Trees And Sewer Lines: Can They Get Along?

You know the value of planting trees. They add appeal and value to your home as well as benefit the environment. They bestow grace and beauty on your property. Unfortunately, they do not mix well with water and sewer lines. When planting trees, you need to take precautions to keep their roots from growing into your water and sewer system.

Before Planting

Before you plant, contact the appropriate local government department or the national 811 "Call Before You Dig" line. Surprisingly, not everyone takes this convenient step that can prevent expensive repairs in the future. 

Choose Your Trees

Larger trees should be planted well away from sewer lines because of their deep and spreading root system. Experts recommend that you avoid eucalyptus, figs, poplars, rubber, fruitless mulberry, and Modesto ash trees. For trees that will be planted closer to the lines, choose types with a smaller root ball, such as certain magnolias, cherry, wintersweet, quince, crabapples, and myrtle trees. 

Barriers

You can also employ the use of barriers to keep your lines safe from tree roots. Metal and wooden barriers can be placed vertically six to twelve inches below the pipe to keep roots away. You can also use  potassium hydroxide and copper sulfate near the lines to discourage root growth.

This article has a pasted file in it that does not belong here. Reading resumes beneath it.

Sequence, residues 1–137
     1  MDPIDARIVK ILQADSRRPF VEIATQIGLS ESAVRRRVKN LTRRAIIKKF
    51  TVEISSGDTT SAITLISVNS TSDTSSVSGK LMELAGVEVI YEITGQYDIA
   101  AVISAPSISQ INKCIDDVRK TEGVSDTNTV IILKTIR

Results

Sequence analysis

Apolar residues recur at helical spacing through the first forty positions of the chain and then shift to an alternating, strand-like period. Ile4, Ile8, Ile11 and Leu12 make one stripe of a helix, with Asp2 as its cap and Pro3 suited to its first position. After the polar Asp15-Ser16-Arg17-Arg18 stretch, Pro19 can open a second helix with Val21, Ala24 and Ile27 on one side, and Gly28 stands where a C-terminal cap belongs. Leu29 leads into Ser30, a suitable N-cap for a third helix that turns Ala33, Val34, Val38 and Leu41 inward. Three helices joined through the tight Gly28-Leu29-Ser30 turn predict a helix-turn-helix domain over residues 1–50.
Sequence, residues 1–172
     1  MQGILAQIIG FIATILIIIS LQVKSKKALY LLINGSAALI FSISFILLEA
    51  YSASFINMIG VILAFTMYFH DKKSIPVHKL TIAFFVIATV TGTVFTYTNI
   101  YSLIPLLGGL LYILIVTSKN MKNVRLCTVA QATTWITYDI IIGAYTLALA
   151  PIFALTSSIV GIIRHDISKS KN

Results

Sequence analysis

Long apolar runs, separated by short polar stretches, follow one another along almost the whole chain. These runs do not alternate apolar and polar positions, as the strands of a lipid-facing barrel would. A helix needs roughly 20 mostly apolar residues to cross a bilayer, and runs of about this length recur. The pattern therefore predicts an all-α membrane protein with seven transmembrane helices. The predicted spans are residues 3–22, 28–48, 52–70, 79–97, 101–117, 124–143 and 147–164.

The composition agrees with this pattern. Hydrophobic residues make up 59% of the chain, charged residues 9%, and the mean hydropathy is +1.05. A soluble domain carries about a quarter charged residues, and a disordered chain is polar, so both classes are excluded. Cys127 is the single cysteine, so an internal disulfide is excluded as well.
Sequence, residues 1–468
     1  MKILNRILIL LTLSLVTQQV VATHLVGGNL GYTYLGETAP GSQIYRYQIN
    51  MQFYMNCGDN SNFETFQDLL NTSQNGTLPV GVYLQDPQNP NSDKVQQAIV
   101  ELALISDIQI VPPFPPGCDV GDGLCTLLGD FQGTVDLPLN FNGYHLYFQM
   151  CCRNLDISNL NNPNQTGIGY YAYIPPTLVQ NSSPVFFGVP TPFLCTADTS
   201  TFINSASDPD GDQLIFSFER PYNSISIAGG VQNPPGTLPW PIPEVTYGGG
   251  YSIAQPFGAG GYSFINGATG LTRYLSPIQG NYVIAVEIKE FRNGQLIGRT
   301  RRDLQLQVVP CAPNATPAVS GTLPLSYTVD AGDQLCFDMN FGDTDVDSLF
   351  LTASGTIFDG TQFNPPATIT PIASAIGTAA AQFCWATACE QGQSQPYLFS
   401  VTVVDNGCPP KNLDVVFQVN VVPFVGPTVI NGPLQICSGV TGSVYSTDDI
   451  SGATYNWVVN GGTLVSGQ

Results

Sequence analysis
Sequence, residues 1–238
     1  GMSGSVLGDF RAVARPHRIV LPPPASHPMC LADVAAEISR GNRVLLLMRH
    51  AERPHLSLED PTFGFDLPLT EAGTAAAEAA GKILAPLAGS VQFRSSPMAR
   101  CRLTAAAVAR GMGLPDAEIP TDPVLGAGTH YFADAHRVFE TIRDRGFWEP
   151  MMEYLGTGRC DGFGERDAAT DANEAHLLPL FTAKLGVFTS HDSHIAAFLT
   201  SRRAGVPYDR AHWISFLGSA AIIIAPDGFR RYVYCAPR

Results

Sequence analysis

Trouble Signs

Slow flowing drains along with a gurgling noise are your first signs of root trouble. Simple clogs can also cause these issues, but you need to investigate whenever your plumbing exhibits problems. If you experience a total pipe blockage, then roots may be the cause. If left untreated, your sewer and water lines can totally collapse, an expensive repair issue. 

Solutions

Some tree roots can be cleared by an auger. Chemical treatments can also sometimes solve the problem. If the infiltration is too great, you may need to invest in a camera or borescope that can be inserted into the lines so you can see the extent of the damage and know what repair steps you need to take. In the most severe cases, your lines may need to be dug up and replaced. 

The best course of action is to know where the lines are located and then to plant trees that are friendly to water and sewer lines. Once roots invade your lines, you have a potentially expensive and inconvenient problem on your hands. Take the time to plan your landscaping with your utility lines in mind, and you will save yourself a great deal of trouble. 

To learn more, contact a company like Drain-O-Rooter. 

Share